Shares of US bank Silvergate Capital Corp. slumped in early trading after the lender said the crypto industry's meltdown triggered a run on deposits, prompting the company to sell assets at a steep loss and fire 40 per cent of its staff.
Customers withdrew about $8.1 billion of digital-asset deposits from the California-based bank during the fourth quarter, which forced it to sell securities and related derivatives at a loss of $718 million, according to a statement Thursday. Executives said on a conference call that Silvergate may become a takeover target.
"In response to the rapid changes in the digital asset industry during the fourth quarter, we took commensurate steps to ensure that we were maintaining cash liquidity in order to satisfy potential deposit outflows, and we currently maintain a cash position in excess of our digital asset related deposits," Chief Executive Officer Alan Lane said in the statement.
Shares of the company plunged 38 per cent to $13.70 in early trading.
The collapse of Sam Bankman-Fried's FTX sparked a crisis for Silvergate, which held deposits for FTX units and Alameda Research, the trading firm at the heart of the crypto exchange's downfall. Lawmakers are also scrutinizing the bank.
"The digital-asset industry has undergone a transformational shift, with significant over-leverage in the industry leading to several high-profile bankruptcies," Silvergate said in the statement. "These dynamics have sparked a crisis of confidence across the ecosystem and led many industry participants to shift to a 'risk off' position across digital-asset trading platforms."
The company said it "still believes in the digital-asset industry," and is committed to maintaining a "highly liquid balance sheet with a strong capital position." Executives said on the conference call that Silvergate's focus on the crypto industry is likely to make it a takeover target for a larger institution that wants to get into the space.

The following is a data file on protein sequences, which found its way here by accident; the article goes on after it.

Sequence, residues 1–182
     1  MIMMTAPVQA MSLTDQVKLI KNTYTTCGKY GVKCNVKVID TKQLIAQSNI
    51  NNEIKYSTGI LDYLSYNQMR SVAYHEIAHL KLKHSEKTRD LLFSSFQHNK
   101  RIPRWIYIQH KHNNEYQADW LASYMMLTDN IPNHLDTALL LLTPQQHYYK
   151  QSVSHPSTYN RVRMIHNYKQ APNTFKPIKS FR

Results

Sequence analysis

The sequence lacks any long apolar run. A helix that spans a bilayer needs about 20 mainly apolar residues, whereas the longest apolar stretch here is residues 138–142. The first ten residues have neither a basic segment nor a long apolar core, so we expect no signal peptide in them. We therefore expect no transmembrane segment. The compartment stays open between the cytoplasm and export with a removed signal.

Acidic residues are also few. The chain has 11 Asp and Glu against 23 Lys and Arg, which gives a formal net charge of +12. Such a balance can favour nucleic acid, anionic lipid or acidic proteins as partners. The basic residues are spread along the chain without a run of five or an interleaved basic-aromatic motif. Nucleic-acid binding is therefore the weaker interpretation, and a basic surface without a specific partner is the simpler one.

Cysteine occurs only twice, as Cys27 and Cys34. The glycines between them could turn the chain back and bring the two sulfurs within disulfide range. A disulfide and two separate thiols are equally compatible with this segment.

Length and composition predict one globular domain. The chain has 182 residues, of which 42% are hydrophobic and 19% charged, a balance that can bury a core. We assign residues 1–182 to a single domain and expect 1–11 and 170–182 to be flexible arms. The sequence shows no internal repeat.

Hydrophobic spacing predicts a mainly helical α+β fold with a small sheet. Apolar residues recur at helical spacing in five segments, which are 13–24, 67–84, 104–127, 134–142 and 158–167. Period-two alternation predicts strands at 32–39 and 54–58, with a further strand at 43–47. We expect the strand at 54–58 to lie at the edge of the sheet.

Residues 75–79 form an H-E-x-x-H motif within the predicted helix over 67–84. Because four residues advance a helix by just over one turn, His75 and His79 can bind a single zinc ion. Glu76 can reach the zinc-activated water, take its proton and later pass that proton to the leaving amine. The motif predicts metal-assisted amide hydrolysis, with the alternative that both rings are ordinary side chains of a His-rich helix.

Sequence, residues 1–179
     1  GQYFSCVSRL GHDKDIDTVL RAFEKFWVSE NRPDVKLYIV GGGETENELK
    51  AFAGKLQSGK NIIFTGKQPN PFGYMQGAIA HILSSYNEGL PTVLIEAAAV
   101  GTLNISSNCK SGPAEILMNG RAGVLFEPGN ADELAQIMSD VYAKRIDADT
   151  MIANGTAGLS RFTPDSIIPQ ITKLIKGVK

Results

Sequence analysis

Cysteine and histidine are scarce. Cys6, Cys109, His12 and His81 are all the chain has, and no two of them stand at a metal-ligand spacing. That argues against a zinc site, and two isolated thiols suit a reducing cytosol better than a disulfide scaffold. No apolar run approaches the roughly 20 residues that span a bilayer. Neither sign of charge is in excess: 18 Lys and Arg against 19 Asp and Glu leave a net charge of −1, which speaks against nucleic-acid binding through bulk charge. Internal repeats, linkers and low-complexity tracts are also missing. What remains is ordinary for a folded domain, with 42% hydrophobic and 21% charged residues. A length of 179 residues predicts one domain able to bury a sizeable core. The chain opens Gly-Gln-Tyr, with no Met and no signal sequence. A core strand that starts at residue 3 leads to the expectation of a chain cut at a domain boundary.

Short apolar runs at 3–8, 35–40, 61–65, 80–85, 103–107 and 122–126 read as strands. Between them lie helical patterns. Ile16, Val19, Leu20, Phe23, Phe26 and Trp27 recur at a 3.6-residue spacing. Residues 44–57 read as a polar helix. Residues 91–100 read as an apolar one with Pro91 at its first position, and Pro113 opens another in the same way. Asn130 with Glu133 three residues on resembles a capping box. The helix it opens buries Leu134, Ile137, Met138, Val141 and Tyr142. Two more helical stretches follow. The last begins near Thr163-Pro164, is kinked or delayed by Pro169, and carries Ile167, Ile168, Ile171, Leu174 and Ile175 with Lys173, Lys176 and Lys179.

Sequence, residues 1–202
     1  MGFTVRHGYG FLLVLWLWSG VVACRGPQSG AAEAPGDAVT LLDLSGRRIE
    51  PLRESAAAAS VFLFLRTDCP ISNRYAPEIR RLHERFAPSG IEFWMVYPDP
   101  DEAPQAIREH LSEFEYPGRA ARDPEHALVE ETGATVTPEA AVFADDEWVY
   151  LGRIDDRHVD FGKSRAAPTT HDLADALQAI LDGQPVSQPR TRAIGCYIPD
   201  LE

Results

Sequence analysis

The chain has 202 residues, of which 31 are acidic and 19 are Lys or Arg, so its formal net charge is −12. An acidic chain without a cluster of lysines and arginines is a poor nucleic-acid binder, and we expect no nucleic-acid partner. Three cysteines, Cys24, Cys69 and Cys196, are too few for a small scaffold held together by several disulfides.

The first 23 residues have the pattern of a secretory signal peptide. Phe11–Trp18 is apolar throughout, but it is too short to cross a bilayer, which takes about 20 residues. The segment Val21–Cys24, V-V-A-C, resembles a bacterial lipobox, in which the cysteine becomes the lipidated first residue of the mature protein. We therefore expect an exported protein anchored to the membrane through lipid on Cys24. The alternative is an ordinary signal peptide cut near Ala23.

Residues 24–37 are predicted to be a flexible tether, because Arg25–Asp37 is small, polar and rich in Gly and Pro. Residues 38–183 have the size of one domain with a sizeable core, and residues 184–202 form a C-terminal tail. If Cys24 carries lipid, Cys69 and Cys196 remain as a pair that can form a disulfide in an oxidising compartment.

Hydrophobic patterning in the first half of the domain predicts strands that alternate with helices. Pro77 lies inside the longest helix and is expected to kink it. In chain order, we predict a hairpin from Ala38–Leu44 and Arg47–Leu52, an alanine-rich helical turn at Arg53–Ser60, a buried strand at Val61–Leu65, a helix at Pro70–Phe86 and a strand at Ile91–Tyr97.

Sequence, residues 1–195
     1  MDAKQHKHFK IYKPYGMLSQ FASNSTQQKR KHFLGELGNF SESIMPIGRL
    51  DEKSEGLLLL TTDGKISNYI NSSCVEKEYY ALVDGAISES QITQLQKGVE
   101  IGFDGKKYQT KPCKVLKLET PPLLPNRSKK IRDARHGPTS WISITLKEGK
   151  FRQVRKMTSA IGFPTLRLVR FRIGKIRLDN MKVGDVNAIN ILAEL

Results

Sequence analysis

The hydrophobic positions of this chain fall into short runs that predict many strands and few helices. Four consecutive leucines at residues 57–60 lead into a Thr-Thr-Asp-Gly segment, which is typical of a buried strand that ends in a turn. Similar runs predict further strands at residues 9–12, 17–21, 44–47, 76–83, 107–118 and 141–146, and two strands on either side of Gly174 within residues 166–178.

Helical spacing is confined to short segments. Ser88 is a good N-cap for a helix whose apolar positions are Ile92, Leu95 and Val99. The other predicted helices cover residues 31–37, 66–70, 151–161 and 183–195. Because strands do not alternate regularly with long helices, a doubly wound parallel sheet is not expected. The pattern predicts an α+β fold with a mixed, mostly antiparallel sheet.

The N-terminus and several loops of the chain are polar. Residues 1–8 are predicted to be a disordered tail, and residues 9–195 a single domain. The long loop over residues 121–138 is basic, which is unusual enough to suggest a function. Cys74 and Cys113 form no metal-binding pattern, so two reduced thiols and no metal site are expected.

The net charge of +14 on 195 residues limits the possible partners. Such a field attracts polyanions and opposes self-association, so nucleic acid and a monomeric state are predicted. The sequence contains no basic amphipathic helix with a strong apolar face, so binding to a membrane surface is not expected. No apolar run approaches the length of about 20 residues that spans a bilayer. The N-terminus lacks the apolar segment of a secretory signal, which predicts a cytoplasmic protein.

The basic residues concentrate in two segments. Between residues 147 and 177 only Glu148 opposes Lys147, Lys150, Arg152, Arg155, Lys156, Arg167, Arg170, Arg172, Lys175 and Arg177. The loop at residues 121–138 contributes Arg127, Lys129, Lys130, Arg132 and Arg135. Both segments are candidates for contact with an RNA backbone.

Silvergate's total deposits from digital-asset customers declined to $3.8 billion at the end of the fourth quarter. It said the workforce reductions amount to about 200 positions. The Wall Street Journal reported on the deposit withdrawals and job reductions earlier Thursday.
Silvergate once saw the crypto industry as giving it a huge growth opportunity. Over the course of a decade, it transformed itself from a firm catering to small businesses into a publicly traded company known for providing banking services to major crypto clients such as Coinbase Global Inc. and Gemini Trust Co. "- as well as FTX and Alameda Research.
The arrangement was going well, with Silvergate shares soaring to an all-time high of $222.13 in late 2021 as digital-asset prices set records. Then a painful crypto winter set in, with the value of virtual coins sinking, followed by FTX and its sister entities spiraling into bankruptcy in November.
The thesis behind Silvergate's crypto-focused payment platform, known as the Silvergate Exchange Network, is a relatively simple one: Crypto companies that might otherwise have trouble finding a banking partner can put their money on the platform and send it to each other in exchange for digital assets. Silvergate's network is only for US dollars and euros, and virtual-currency transactions don't take place on the platform.
The deposits placed on the system don't pay interest, giving Silvergate an almost-free method of funding its activities, and deposits from digital-currency customers swelled during crypto's heyday. With the stunning collapse of Bankman-Fried's empire, however, Silvergate's big bet on crypto has made it a target of short-sellers and attracted the scrutiny of lawmakers including Senator Elizabeth Warren.